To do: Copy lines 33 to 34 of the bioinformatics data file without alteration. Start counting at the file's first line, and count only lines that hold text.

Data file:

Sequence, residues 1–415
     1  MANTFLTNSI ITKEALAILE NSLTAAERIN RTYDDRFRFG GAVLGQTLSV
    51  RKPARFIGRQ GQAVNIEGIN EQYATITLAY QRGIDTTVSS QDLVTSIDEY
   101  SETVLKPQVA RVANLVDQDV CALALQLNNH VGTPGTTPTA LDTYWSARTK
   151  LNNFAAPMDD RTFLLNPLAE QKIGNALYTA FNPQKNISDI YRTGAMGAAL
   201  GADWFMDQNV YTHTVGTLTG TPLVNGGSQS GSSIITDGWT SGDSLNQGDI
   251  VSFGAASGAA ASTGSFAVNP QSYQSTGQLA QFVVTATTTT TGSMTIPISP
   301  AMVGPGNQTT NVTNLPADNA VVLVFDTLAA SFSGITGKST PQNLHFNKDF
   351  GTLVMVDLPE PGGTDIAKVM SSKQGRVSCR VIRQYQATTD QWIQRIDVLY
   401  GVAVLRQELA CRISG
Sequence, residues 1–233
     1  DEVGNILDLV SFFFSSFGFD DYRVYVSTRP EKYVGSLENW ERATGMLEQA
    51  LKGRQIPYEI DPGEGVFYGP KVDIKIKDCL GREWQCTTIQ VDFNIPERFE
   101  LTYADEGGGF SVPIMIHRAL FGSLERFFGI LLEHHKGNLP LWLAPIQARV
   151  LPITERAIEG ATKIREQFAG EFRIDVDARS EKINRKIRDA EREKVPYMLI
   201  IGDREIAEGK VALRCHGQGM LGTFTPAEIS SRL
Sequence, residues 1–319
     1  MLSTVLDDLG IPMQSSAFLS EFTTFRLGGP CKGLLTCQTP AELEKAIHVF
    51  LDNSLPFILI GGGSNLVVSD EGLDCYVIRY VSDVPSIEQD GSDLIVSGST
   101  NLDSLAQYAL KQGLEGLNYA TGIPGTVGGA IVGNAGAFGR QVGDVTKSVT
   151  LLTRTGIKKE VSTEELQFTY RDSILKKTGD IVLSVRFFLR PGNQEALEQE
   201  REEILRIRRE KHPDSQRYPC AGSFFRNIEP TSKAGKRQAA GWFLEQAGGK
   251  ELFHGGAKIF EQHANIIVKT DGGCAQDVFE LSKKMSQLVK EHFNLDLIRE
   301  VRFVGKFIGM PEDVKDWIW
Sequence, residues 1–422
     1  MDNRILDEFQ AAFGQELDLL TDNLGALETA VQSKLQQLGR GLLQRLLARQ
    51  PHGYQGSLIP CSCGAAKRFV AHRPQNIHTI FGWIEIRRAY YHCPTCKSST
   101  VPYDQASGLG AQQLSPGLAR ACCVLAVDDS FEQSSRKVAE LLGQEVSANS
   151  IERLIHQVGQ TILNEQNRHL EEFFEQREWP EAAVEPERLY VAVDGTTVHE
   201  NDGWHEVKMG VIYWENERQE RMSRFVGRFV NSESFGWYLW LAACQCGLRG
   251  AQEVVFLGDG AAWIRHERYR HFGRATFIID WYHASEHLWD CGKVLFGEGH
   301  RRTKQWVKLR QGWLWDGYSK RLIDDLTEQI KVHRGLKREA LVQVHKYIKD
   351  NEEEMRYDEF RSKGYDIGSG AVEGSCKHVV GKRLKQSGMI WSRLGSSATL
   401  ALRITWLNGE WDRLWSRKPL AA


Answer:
   351  NEEEMRYDEF RSKGYDIGSG AVEGSCKHVV GKRLKQSGMI WSRLGSSATL
   401  ALRITWLNGE WDRLWSRKPL AA